Ah, Steve, the deep water doesn't bother me. And all of what you said -- which supports a balanced approach -- isn't that consistent with setting a reasonable goal on a list so you have time to do other things?

There are people who get so obsessed with a list, well I've heard of marriages being destroyed. I heard a story of a peak bagger who HAD to squeeze one more peak in at the end of the day, but that peak was at the expense of the spouse -- and soon to be ex-spouse -- waiting back in town. Another peak bagger admitted to me that the pursuit came at the expense of his or her job. If you get too caught up in this game of chasing peaks, you can loose a lot. Would setting a reasonable number of peaks to climb in a year help in these cases? "Oh, I've climbed 50 peaks this year, I guess I can go home to my spouse" versus "I still have hundreds of peaks to climb, I need the whole weekend to climb. Too bad for my love."


Some people are obsessive types. If mountains weren't the objects of the obsession, something else would be. In the case of marriages, it is extremely likely there were other issues. Perhaps the obsessed one was actually escaping a bad marriage to begin with. Obsessive people often have train wrecks for personal lives but they are also the ones to push the envelope, develop new ideas for business and pursue them, take risks and set records we all admire, etc. In other words, they often improve the lot of mankind in general even as their personal lives may be a mess or lacking entirely. Mountains aren't the problem nor the lack of rules or guidelines. You can try to spin your words but they still come off as very opinionated and judgmental. Even non obsessed people find that offensive. You can choose to learn from the reactions and reassess your attitudes. Ask yourself why so many find your post condescending.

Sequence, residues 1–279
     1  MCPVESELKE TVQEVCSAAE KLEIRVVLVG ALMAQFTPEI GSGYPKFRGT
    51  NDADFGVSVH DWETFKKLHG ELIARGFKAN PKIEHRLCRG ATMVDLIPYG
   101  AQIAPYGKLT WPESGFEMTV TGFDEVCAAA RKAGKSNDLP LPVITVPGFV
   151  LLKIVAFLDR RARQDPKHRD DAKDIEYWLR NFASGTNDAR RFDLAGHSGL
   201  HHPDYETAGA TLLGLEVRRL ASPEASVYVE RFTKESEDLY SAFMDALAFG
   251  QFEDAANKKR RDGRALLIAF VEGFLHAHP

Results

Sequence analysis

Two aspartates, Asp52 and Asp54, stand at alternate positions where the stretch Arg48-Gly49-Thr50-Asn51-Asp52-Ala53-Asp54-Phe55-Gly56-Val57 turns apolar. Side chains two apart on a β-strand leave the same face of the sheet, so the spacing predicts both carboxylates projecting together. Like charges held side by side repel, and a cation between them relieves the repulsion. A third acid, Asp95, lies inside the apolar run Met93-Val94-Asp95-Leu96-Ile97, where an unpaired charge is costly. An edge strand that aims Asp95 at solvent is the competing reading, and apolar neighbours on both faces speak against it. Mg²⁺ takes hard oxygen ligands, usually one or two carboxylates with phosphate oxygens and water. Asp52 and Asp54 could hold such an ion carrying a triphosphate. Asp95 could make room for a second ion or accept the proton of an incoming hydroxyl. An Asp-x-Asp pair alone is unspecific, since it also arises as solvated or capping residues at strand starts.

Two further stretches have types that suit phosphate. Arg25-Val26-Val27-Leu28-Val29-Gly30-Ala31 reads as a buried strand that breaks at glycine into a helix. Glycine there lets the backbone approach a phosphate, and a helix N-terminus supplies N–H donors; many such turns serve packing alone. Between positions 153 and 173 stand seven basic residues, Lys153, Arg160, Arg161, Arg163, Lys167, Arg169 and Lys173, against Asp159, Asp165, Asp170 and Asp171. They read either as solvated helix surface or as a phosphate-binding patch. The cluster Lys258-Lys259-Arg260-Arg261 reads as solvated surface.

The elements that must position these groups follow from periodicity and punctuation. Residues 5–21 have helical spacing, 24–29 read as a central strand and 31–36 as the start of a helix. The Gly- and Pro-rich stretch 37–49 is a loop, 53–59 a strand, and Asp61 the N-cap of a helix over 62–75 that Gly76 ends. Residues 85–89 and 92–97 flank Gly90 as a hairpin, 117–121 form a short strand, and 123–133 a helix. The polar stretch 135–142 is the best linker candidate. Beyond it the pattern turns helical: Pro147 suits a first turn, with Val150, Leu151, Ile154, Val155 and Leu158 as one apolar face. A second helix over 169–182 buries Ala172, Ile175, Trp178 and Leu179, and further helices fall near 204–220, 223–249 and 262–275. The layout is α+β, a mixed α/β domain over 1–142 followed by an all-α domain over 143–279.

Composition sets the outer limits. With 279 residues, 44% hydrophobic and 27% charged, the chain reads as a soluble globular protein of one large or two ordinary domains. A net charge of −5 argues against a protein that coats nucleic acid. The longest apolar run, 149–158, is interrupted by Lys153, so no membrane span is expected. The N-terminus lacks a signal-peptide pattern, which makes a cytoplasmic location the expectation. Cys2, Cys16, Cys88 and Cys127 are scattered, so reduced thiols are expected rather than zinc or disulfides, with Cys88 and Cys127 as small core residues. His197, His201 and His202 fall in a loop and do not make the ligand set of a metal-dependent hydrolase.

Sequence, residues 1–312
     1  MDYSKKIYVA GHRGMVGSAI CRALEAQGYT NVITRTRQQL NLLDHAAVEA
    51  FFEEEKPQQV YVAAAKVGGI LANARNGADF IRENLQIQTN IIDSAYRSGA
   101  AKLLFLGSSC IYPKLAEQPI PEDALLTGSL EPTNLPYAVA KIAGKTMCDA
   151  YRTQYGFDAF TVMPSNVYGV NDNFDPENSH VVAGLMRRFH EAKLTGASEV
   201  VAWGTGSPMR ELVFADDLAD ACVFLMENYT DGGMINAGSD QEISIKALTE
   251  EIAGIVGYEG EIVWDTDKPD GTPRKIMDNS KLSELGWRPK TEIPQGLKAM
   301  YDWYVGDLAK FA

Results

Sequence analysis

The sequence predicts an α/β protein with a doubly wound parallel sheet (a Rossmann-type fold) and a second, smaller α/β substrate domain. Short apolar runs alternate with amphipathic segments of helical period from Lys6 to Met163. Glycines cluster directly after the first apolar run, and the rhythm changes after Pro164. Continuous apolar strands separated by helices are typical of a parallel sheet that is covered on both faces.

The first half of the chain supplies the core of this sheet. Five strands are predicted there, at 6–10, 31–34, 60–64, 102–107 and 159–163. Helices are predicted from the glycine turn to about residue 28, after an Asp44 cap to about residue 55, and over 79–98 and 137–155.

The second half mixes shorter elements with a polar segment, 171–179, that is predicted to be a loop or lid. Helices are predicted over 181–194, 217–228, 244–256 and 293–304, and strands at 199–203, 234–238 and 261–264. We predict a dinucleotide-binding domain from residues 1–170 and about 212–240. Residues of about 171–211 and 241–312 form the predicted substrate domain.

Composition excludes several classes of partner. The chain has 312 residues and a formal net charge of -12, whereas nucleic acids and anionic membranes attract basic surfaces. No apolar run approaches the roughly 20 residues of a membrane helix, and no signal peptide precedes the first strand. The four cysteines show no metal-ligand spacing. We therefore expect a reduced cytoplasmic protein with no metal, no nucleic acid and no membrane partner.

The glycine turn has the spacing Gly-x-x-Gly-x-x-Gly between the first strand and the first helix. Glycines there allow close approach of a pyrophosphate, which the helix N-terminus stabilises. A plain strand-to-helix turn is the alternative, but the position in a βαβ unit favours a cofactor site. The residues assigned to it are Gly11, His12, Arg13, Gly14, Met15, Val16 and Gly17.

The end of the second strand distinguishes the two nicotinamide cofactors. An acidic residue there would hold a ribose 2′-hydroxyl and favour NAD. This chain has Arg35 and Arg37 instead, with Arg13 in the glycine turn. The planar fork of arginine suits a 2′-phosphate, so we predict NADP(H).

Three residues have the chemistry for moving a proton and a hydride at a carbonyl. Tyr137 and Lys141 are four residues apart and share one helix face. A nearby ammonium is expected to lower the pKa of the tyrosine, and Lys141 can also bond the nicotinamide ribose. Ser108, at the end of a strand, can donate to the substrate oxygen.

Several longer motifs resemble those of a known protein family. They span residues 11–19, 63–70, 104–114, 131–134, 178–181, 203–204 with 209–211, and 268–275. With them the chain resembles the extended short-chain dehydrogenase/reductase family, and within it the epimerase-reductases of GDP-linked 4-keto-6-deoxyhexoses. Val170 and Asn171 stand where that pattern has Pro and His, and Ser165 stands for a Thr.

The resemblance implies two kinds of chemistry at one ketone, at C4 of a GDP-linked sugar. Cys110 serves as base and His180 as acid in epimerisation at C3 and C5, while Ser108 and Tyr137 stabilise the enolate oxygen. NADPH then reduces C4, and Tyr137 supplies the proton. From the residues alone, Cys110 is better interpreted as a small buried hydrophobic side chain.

Dave

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Re: My rules for peak bagging

Postby Steve Knapp » Wed May 15, 2013 9:35 am

inthemtns wrote:

There are people who get so obsessed with a list, well I've heard of marriages being destroyed. I heard a story of a peak bagger who HAD to squeeze one more peak in at the end of the day, but that peak was at the expense of the spouse -- and soon to be ex-spouse -- waiting back in town. Another peak bagger admitted to me that the pursuit came at the expense of his or her job. If you get too caught up in this game of chasing peaks, you can loose a lot. Would setting a reasonable number of peaks to climb in a year help in these cases? "Oh, I've climbed 50 peaks this year, I guess I can go home to my spouse" versus "I still have hundreds of peaks to climb, I need the whole weekend to climb. Too bad for my love."


Now this is true. I have also seen damaged relationships, and have to be very careful with mine. As you say it is all about balance, making the most of the time you have with your family and when you do get time to hike go all out. I only get a few days a month to get out, which is why I try and climb as many peaks I can on those few days. Ideally one would find a spouse/significant other that shares your climbing goals and interests, but that is extremely rare. It takes an understanding person to comprehend what we do and why we do it. I would say if someone has obsessive compulsive behavior, it's much better to be climbing peaks than channeling that behavior into more unhealthy endeavors.

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Re: My rules for peak bagging

Postby crossfitter » Wed May 15, 2013 9:38 am

The title of this post really should have been. "My rules for peak bagging in order to avoid becoming a mountain hermit"